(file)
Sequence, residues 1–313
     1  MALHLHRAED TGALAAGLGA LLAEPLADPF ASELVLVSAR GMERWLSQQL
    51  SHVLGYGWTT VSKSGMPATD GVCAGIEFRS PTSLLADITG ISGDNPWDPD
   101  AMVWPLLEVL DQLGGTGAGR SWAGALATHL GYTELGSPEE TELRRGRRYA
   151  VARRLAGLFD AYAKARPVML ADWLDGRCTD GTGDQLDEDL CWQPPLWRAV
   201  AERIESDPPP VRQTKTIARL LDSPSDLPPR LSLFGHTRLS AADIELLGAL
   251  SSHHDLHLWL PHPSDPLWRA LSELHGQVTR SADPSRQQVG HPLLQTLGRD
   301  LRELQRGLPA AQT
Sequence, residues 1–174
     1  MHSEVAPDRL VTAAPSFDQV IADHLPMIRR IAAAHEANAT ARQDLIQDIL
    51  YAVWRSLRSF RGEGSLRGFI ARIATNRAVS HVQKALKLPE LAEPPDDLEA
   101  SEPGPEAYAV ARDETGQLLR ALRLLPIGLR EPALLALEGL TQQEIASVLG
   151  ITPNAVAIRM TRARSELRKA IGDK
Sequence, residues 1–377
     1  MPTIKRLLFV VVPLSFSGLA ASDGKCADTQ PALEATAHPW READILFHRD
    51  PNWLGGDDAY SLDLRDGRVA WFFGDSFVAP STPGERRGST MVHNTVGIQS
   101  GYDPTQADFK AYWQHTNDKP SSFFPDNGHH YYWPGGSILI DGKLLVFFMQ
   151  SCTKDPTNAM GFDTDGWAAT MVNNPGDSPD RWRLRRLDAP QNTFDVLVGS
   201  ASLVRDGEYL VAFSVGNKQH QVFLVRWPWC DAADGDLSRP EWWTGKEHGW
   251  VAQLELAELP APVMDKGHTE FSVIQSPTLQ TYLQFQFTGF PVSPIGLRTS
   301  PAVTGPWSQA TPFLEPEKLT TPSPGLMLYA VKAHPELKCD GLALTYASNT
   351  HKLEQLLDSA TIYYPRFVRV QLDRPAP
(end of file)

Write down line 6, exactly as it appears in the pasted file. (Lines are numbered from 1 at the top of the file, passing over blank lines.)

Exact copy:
   201  AERIESDPPP VRQTKTIARL LDSPSDLPPR LSLFGHTRLS AADIELLGAL